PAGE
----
The Summer Venture in Management Program (SVMP) at HBS is a one week management training program for rising college seniors. It’s designed to increase diversity and opportunity in business education, and give college students a sneak peek into life at HBS. Each June, students from around the world gather on campus to read cases, learn from HBS faculty, and understand more about the MBA program.  

Find out what four SVMPers (who participated in the program last summer) took away from the experience. 

Christen Talley

After SVMP, I left with a newfound community of 80+ brothers and sisters. It was refreshing to meet peers who collectively shared the desire to succeed and defy expectations.  Even after the program, we still keep in touch via group chat and we have spoken almost every day since. I now have a network of people who I can bounce ideas off of and share my experiences in corporate America with. SVMP is not only a glimpse inside HBS; it also fosters a rich community of tenacious individuals.

Beyond the great connections I’ve made, SVMP also allowed me to break through many mental boundaries I had before attending the program. No longer was I confined to the expectations of what society deemed me capable of. I began to think of bigger and brighter ideas. I didn’t have an epiphany, but I did leave with a sense of forging my own path and digging deeper into my passions. HBS and SVMP showed me that if I could compete in the big leagues of one of the world’s most storied educational institutions, then the best is still to come for what I can offer the world.

Ava Arroyo 

I quickly discovered that the case method is engaging, intense and fun. SVMP simulated case method classes for us during our time on campus with real cases, faculty, and the expectation that we as students would study and prepare for class.  You're expected to contribute in class and while many of us felt we didn't have much experience or value to add to the conversation, I learned we all actually do. Everyone comes from a different background personally and professionally and can offer a new perspective to the case and challenge other people to think differently. I learned to speak up because I do have value to add with my diverse experiences just as everyone else does.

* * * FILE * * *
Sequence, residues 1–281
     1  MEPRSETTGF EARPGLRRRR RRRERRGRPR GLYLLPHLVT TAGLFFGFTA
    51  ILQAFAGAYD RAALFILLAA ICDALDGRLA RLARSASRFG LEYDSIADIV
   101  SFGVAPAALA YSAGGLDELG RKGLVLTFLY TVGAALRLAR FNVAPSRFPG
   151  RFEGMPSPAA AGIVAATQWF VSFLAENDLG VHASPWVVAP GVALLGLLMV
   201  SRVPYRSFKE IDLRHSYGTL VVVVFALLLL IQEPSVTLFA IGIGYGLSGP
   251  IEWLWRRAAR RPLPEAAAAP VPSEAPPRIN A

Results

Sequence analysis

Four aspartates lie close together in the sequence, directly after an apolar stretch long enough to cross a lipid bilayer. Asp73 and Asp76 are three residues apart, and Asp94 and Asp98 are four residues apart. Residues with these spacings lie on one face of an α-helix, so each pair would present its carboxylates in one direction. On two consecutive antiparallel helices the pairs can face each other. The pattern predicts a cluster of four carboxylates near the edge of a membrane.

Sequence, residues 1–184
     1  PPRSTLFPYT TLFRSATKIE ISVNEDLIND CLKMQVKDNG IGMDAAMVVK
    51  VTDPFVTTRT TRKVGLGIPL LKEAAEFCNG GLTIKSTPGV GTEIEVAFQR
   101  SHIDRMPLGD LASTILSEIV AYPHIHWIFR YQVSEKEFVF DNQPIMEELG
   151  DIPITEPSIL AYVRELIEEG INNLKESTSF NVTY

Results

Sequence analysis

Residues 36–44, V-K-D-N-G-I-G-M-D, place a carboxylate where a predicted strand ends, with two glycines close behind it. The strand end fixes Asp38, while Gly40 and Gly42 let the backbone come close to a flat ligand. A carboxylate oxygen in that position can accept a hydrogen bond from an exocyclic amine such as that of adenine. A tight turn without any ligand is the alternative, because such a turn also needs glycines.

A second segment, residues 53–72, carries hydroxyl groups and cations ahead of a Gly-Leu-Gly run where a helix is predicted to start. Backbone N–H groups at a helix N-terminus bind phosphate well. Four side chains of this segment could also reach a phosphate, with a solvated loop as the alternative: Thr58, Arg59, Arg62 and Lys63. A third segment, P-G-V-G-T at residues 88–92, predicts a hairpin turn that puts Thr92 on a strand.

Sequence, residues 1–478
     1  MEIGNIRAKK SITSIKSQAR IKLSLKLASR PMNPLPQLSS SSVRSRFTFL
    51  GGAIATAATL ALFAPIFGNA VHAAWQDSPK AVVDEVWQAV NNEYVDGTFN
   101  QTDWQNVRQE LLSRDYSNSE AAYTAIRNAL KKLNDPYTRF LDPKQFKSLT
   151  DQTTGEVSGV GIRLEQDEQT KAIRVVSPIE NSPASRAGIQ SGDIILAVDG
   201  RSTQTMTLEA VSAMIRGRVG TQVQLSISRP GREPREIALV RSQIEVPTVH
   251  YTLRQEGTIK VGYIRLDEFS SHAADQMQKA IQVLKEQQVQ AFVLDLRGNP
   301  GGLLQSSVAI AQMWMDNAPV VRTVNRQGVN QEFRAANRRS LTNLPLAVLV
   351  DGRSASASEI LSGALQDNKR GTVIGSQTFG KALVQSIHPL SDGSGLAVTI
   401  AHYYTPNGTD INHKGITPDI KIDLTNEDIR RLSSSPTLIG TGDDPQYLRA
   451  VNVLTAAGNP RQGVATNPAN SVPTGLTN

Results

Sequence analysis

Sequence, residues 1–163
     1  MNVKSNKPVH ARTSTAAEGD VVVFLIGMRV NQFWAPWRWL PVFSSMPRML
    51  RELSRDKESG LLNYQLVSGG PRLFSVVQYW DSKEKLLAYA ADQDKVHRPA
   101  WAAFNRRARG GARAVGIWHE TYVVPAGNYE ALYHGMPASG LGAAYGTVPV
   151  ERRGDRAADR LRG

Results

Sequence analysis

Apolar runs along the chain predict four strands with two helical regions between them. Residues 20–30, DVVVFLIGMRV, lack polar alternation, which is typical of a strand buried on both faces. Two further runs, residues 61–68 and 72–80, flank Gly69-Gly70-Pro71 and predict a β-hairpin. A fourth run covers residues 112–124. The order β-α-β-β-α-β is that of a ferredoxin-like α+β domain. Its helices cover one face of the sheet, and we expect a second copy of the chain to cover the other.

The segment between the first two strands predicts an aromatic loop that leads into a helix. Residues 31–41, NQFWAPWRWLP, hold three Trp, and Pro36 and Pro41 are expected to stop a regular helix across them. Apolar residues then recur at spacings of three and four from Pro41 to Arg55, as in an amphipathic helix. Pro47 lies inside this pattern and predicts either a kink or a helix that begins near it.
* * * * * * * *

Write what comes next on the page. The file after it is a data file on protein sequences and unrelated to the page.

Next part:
Through the week of SVMP we were exposed to so much including extracurricular life, current students, case method classes, the city of Boston, and more. I learned not only how diverse the student body is in terms of interests and passion, but also that business school is more than formal business education. Yes, it's a commitment to learn the fundamentals of business but it’s also just as much a personal learning experience as it is professional. Business school is about forming relationships with others, being challenged to think differently, and being asked to grow in ways you couldn't imagine. Business school is a personal and professional growth experience. 

Courtland Thomas

SVMP taught me that when you begin a huge project, start backwards. Particularly, the cases at SVMP included a variety of information – sometimes unnecessary, superfluous information (often the 'company history' context). I learned from doing enough cases that you need to know the goal before beginning any project or case. Create a target goal by asking yourself, “What do I need to do here?” Is it increase sales? Is profitability down? Is it determining if this investment is worth it?  And then look at your exhibits. Always the exhibits! 

I also found there is no such thing as a stupid comment, but there are self-evident ones, or ones better left unmentioned. At SVMP, I learned the importance of presenting information clearly and concisely. SVMP alum and the keynote speaker for my year Casey Gerald often used a framework when he spoke (“I would like to talk about 3 things”), which makes his communication very clear to both himself and the listener. 

Isabella Carbonell

SVMP was a truly unforgettable experience. The faculty members, in particular, were really incredible. They made every single student in the classroom engaged in the case studies we discussed - even when the topics were far from our area of study or expertise. Getting to know then other participants was extremely valuable since each of us brought a unique perspective to the classroom.

Finally, it was fun! For every minute of studying and reading there was an equal amount of time to interact with other students and faculty, explore the Harvard campus, and even take in the sights on a Boston harbor boat tour!